• Faced with the huge subsidy burden on the passenger segment, the railways has introduced dynamic fared in elite trains like Rajdhani and Shatabdi.

About the campaign

  • As of now, the state-run transporter bears 43% of the cost of all rail fares even as it incurs a loss of about Rs 30,000crore every year in subsidizing passenger fares. The ‘Give-It-Up’ option will be available for tickets booked online or bought from counters.
  • It will be launched in August and will be introduced for all trains in a “phased manner”.
  • In order to make passengers aware of the subsidy burden on the fare, the railways had started printing “Indian Railways recovers only 57% of cost of travel on an average” on computerized tickets although the current accounting system does not give the exact cost.
  • The Railways is already in talks with two financial institutions, including the National Institute of Public Finance and Policy, to devise ways to reduce its subsidy burden. This is part of the government’s strategy to run the Railways with a more corporate mode of approach, based on a report submitted by the Bibek Debroy Committee in 2015.

Way ahead

  • With regard to foregoing of LPG subsidy, the government has met with decent success so far, with over 1crore households giving up their cooking gas subsidy. Of the 20crore households benefiting from the LPG subsidy, 1crore households have voluntarily opted to buy cooking gas cylinders at the market price. This has helped the government to directly transfer the subsidy amount to beneficiaries’ bank accounts.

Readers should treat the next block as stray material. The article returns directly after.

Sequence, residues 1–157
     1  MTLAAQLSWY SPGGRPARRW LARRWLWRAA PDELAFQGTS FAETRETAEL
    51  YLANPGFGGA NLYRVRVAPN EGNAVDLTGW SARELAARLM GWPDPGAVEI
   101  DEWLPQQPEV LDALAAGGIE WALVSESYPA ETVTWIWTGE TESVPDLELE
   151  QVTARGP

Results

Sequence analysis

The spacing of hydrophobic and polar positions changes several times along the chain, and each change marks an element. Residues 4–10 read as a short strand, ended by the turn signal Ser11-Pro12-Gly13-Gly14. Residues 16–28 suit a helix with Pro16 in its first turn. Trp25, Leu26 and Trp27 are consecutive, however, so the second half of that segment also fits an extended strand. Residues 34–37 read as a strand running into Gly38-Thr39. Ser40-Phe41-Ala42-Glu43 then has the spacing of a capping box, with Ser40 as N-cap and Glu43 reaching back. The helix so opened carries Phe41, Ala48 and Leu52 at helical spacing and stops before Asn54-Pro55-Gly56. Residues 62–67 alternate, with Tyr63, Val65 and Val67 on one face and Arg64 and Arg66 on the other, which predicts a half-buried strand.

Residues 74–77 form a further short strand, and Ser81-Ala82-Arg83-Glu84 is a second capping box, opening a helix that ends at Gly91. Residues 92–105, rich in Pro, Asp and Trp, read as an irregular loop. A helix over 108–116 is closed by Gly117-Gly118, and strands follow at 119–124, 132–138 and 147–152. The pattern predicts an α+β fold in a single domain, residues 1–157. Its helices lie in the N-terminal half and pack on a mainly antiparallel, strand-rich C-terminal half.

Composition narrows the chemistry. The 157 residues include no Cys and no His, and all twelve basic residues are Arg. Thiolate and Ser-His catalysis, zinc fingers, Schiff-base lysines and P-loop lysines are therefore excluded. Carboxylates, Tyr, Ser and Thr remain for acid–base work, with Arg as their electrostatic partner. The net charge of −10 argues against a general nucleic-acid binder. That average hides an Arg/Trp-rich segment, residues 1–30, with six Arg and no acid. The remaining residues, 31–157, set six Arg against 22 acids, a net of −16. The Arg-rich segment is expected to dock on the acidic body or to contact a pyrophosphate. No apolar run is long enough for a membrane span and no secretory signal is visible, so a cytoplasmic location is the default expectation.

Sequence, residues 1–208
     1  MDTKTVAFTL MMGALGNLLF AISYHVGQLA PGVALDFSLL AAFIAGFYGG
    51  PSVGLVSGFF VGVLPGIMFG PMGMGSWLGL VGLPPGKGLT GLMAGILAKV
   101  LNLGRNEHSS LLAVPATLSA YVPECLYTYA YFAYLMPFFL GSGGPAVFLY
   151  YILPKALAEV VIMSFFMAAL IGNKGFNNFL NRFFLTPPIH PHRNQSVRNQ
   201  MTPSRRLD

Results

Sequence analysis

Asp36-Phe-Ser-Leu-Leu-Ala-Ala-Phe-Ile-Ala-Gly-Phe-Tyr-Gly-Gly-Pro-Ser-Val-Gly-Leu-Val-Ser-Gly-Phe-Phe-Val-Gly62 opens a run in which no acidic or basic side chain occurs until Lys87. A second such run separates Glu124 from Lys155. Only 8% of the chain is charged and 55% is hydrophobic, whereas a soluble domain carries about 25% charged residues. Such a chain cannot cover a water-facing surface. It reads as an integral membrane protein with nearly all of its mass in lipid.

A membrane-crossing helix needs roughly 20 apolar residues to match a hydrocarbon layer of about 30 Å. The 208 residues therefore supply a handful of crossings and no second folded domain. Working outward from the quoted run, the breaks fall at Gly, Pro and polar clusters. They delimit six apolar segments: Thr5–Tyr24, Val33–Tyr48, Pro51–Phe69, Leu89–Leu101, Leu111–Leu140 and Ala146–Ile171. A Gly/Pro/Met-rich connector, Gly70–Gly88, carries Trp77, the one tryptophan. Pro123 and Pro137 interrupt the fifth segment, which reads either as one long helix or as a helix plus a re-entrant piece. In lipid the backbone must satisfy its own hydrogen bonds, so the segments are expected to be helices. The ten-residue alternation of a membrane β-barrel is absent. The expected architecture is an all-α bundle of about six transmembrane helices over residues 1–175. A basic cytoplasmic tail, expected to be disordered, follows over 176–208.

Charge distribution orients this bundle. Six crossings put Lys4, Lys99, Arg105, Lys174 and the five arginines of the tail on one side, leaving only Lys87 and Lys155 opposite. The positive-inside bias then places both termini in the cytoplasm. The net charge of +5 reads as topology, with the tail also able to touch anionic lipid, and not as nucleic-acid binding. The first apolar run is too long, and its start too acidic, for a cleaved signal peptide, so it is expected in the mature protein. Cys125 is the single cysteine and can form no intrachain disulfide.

• According to the survey the GiveItUp Campaign not only encouraged the rich to participate, but it also inspires those from the rural and middle class to take part in the movement wholeheartedly.
  • Individuals and households see and feel the difference they are able to make, which is an important factor that makes the campaign a huge success. It is what drives the ambitions of consumers to want to give up their subsidies so willingly. Additionally, the subsidies saved by the government in the long run can be used for developmental activities, thereby benefiting all citizens.
  • The GiveItUp Campaign aims for developmental improvement in the country, where resources saved by the government from can be used for developmental activities, ensuring all citizens improvement for the future of their country.

Question– How Give-it up campaign in railways will significantly improve fiscal position of government?